As the propeller plane flew over the eastern part of the island of Sumbawa – Flores’ big neighbor to the west – Mount Sangeang Api emerged from the Flores Sea, puffing grey smoke from its lava dome. Two weeks earlier the volcano erupted and spewed volcanic ash to the sky which then traveled eastward, forcing the closure of the Komodo National Park in the western fringes of Flores and canceling flights to and from Darwin in Australia’s Northern Territory.
Minutes later the plane made its last sharp turn towards Maumere with the view of rugged mountain ridges hugging the blue Maumere Gulf, while the towering hills and mountains of Pulau Besar – literally ‘big island’ – across the gulf slowly disappeared from sight. The airport was small and later we learned from our local guide and driver that our flight was the last one arriving to Maumere that day. It was only 4 pm.
With 75,000 residents Maumere was the biggest town on Flores. However despite its meager size compared to the towns in Java, the residents proudly boasted Pope John Paul II’s visit to Maumere in 1992 – the smallest town ever visited by a pope, purportedly. Not surprisingly the majority of Florenese are Roman Catholics, a remnant from the long Portuguese rule on the island from the 16th century until 1854 when the Dutch effectively took control of Flores. But it was only five years later that Lisbon officially ceded the island to the Dutch when the Treaty of Lisbon was signed by both governments.
It was José Joaquim Lopes Lima, the governor of Flores and Timor who sold the island to the Dutch along with other smaller islands amidst financial difficulties his administration grappled with, an act he did without the consent of Lisbon. The Dutch, in return, ceded their control of Maubara, Ambeno and the island of Atauro to the Portuguese – a small exchange from the Dutch side compared to what they obtained.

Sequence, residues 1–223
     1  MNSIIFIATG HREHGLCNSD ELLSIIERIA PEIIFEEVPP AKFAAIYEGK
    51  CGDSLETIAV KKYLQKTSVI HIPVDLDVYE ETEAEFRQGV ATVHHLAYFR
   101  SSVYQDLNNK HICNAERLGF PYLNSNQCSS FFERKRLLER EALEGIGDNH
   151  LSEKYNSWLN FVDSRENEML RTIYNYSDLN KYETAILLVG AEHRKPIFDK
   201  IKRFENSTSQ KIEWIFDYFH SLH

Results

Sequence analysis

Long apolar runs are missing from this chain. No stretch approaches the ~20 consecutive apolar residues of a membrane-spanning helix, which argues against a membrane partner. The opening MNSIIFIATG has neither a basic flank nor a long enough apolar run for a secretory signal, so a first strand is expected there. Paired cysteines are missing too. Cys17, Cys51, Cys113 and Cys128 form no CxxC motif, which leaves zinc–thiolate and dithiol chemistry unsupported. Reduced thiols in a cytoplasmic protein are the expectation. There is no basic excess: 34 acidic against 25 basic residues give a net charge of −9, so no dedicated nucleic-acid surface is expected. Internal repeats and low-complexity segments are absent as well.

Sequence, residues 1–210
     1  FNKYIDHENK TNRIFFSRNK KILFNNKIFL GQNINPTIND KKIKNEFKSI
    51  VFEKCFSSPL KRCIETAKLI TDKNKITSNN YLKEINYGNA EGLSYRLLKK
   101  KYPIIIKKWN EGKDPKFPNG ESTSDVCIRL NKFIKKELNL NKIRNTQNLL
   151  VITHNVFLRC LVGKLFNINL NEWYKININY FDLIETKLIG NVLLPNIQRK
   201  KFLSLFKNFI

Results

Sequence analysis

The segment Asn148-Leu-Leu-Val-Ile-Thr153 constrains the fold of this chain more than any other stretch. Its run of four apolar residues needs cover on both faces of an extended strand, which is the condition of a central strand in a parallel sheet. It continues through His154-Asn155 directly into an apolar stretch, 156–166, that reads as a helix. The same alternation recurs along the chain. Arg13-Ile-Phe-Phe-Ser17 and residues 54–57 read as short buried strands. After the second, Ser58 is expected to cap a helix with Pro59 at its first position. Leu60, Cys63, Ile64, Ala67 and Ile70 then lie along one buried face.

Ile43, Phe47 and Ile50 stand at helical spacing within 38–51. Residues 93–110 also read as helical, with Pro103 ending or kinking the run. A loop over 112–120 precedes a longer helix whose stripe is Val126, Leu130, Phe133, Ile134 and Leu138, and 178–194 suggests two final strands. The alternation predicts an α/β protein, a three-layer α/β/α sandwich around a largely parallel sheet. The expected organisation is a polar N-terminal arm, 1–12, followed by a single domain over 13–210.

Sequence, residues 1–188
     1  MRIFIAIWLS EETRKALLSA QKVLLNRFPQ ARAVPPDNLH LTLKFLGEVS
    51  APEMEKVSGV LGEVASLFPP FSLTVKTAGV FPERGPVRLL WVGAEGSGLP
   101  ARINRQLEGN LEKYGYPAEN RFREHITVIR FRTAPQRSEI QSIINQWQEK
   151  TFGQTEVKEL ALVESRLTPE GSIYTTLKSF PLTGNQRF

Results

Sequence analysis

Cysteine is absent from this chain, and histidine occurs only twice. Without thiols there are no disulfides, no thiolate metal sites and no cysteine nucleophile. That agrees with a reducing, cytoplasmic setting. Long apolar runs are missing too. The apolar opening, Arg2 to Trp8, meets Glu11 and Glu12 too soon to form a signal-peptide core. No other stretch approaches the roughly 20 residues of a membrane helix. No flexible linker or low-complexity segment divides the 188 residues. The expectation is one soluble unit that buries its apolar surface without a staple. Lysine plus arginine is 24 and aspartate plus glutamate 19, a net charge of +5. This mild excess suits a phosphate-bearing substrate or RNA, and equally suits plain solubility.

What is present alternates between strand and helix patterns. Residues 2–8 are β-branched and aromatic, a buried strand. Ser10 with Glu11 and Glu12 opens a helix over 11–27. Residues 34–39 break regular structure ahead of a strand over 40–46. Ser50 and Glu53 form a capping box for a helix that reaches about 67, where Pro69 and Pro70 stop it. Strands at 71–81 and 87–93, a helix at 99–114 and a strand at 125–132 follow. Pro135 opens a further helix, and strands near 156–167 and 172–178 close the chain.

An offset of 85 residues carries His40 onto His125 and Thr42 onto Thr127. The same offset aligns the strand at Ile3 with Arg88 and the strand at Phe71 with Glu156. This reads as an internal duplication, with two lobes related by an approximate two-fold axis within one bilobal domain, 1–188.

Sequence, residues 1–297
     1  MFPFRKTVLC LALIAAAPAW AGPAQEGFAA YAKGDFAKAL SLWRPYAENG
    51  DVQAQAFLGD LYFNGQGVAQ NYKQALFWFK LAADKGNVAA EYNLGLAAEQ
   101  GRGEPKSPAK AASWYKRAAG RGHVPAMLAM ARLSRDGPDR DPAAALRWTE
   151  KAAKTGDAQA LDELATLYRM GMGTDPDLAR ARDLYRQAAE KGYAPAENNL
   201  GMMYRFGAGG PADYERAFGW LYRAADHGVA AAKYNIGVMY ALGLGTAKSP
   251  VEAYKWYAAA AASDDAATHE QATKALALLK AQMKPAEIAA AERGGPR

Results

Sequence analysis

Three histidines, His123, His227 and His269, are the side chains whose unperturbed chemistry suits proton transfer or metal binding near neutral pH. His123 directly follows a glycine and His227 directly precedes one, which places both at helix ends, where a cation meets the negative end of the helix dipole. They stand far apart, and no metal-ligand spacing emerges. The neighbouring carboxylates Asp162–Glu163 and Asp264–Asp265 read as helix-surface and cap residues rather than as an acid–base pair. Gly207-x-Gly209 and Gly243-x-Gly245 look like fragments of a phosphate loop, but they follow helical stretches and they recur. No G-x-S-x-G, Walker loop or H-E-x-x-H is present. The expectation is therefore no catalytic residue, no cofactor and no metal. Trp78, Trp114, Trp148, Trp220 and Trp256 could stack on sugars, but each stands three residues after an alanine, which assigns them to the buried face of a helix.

After driving us from the airport to our beachfront hotel, past beautiful old Portuguese churches, Dino Lopez, our resourceful guide and driver, suggested us to have grilled fish for dinner.
“I’ve already fallen in love with Flores,” James spontaneously expressed his feeling to us.
“Slowly,” Dino said and chuckled.
Back in 2012 images of Flores, an island in the Indonesian province of East Nusa Tenggara, first caught my attention. Contrary to what most people thought of it as a deserted far-flung corner of Indonesia, covered in anything but endless arid steppes, the images confirmed otherwise. A friend introduced me to his uncle, a native Florenese, over Facebook to whom I asked about the island’s most recommended places to visit. However it took another two years for me to finally make the trip.
Over the next seven days Flores constantly amazed and enthralled us in so many ways. For an island with only 2 million inhabitants who speak five different languages with more than 60 dialects, whose fertile soils where almost everything can grow – from coffee, orange, cocoa, macadamia, cashew, vanilla to clove – are a gift from the island’s 14 active volcanoes, where rice is grown at terraces more majestic and breathtaking than the ones in Bali and tastes better than those grown in Java, where the whimsical nature of the ever-changing colors of the three mountain lakes of Kelimutu is complemented by the strange natural phenomenon of beaches littered with blue pebbles near Ende, Flores is truly one magical place among the endless chain of Indonesia’s 17,000 islands.
In the following weeks join me in a journey through words and images covering everything from the historical village of Sikka Natar, the unique natural phenomenon of Kelimutu, the eclectic traditional villages of Wogo and Bena, the vast expanse of Manggarai rice terraces, the fast-changing fishing village of Labuan Bajo, to the islands of Komodo and Rinca where the notorious Komodo dragons roamed freely surrounded by seas endowed with underwater wonders. Flores has wildly and genuinely exceeded our expectations.